• Cod liver oil

Carotenoids are preformed vitamin A and are present in various plant products including:

  • Carrots
  • Sweet potatoes
  • Tomatoes
  • Fruits such as apricots, plums, and mangoes
  • Leafy green veggies

You may also get vitamin A from supplements. However, according to the WHO, vitamin A supplementation isn’t recommended for pregnant women.

Greatest retinoid myths debunked

The following are the greatest myths about retinoids:

Myth 1: All types of retinoids are similar

Retinoids are an extremely large family of ingredients that are derivatives of vitamin A. There are several forms of retinoids ranging from over-the-counter products to prescription varieties.

Myth 2: Retinoids thin your skin

The opposite of this is true. Retinoids stimulate the production of collagen, so they help to thicken your skin.

Myth 3: Young individuals can’t apply retinoids

Retinoids were originally used in the treatment of acne and were given to many young individuals. In the 1980s retinoids began to be marketed as anti-aging compounds when it was discovered that they can soften fine lines and wrinkles and lighten hyperpigmentation. However, anyone can use retinoids without any age restrictions depending on their skin condition.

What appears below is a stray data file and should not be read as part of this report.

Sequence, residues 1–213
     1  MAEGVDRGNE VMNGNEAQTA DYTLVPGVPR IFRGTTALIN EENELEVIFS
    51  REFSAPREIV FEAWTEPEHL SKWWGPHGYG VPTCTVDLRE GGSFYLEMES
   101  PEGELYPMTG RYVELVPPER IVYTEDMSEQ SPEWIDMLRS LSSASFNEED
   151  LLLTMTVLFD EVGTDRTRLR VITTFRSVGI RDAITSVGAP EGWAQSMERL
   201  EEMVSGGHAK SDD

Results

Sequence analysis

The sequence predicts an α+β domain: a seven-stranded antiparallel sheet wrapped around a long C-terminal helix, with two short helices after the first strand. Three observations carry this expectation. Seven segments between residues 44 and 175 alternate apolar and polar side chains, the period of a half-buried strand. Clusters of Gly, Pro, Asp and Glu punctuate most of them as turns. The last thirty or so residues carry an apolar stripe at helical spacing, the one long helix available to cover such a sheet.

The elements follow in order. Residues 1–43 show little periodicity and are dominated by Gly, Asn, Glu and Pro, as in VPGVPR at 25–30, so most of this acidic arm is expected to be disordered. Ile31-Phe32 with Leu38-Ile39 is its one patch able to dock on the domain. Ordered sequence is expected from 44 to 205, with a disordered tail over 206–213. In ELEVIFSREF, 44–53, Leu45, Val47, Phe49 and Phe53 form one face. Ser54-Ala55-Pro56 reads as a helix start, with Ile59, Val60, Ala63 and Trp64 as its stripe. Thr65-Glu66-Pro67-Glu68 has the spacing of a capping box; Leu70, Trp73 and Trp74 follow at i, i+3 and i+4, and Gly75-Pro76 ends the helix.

Myth 4: They produce results in four to six weeks

It may take between three and six months for complete results to appear depending on the product you are using.

Myth 5: You can get results only by using prescription-strength retinoids

Many over-the-counter retinoid products are available that provide excellent results.

Retinoids are very popular ingredients used in anti-aging cosmetic products. Anyone can use them without getting into the retinol vs. retinoid debate. Keep in mind that you may have to wait for up to six months for any visual improvement. If you don’t get the desired results even after using retinoids for several months, visit your dermatologist.

https://www.sciencedirect.com/science/article/pii/B9780080552323610530?via%3Dihub

https://onlinelibrary.wiley.com/doi/full/10.1111/jocd.12193

https://www.ncbi.nlm.nih.gov/pmc/articles/PMC2699641/

https://www.ncbi.nlm.nih.gov/pubmed/26069148

https://www.ncbi.nlm.nih.gov/pmc/articles/PMC5136519/

http://ijpsr.com/bft-article/a-brief-review-on-systemic-retinoids/?view=fulltext

https://www.ncbi.nlm.nih.gov/pmc/articles/PMC3905635/

https://www.ncbi.nlm.nih.gov/pmc/articles/PMC3648723/